2020; 4 (2)
View details for DOI 10.1016/j.ejtd.2018.07.002
Percevoir son corps à travers le regard d’autrui : une revue de la littérature sur l’auto-objectification
2020; 120 (3)
View details for DOI 10.3917/anpsy1.203.0321
How self-compassion moderates the effect of body surveillance on subjective happiness and depression among women
SCANDINAVIAN JOURNAL OF PSYCHOLOGY
2019; 60 (5): 464–72
According to objectification theory (Fredrickson & Roberts, 1997), being treated as an object leads women to engage in self-objectification, which in turn increases body surveillance and body shame as well as impairs mental health. However, very little is known about what factors could act as buffers against the detrimental consequences of self-objectification. This paper seeks to understand the role of self-compassion (the ability to kindly accept oneself or show self-directed kindness while suffering) in the perception that women have of their own bodies. Results indicate that self-compassion moderated the effect of body surveillance on depression and happiness separately among women. More specifically, for women low in self-compassion, body surveillance was negatively associated with happiness, which was explained by increased depression. In sum, our results indicate that self-compassion protects against the detrimental consequences of body surveillance.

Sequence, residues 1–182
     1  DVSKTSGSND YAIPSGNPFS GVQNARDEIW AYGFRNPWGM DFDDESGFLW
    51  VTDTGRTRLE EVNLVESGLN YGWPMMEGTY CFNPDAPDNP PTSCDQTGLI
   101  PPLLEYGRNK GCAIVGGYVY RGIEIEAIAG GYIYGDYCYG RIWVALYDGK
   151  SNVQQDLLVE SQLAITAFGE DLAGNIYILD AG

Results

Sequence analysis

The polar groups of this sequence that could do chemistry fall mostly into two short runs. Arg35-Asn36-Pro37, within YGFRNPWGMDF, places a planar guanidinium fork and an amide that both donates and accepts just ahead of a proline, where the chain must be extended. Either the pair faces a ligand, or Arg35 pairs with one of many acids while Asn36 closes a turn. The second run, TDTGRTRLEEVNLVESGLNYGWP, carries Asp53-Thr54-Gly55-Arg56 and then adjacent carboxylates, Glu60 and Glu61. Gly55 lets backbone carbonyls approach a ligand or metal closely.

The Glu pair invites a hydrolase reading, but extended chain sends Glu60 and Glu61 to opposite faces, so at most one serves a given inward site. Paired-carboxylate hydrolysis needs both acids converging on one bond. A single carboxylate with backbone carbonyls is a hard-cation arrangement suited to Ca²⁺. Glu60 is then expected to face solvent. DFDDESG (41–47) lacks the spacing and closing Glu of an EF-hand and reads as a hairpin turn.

View details for DOI 10.1111/sjop.12553
View details for Web of Science ID 000483824900007
View details for PubMedID 31148181
- Why Is Sexualization Dehumanizing? The Effects of Posture Suggestiveness and Revealing Clothing on Dehumanization SAGE OPEN 2019; 9 (1)
- How Sexual Objectification Generates Dehumanization in Western and Eastern Cultures A Comparison Between Belgiumand Thailand SWISS JOURNAL OF PSYCHOLOGY 2018; 77 (2): 69–82
- Who are the doctoral students who drop out? Factors associated with the rate of doctoral degree completion in universities International Journal of Higher Education 2018; 7 (4)
- 10.31234/osf.io/24c9b Cognitions, attitudes et comportements intergroupes 2018
- La compassion pour soi-même peut-elle protéger des conséquences néfastes liées à une image corporelle négative ? Sextant 2018; 35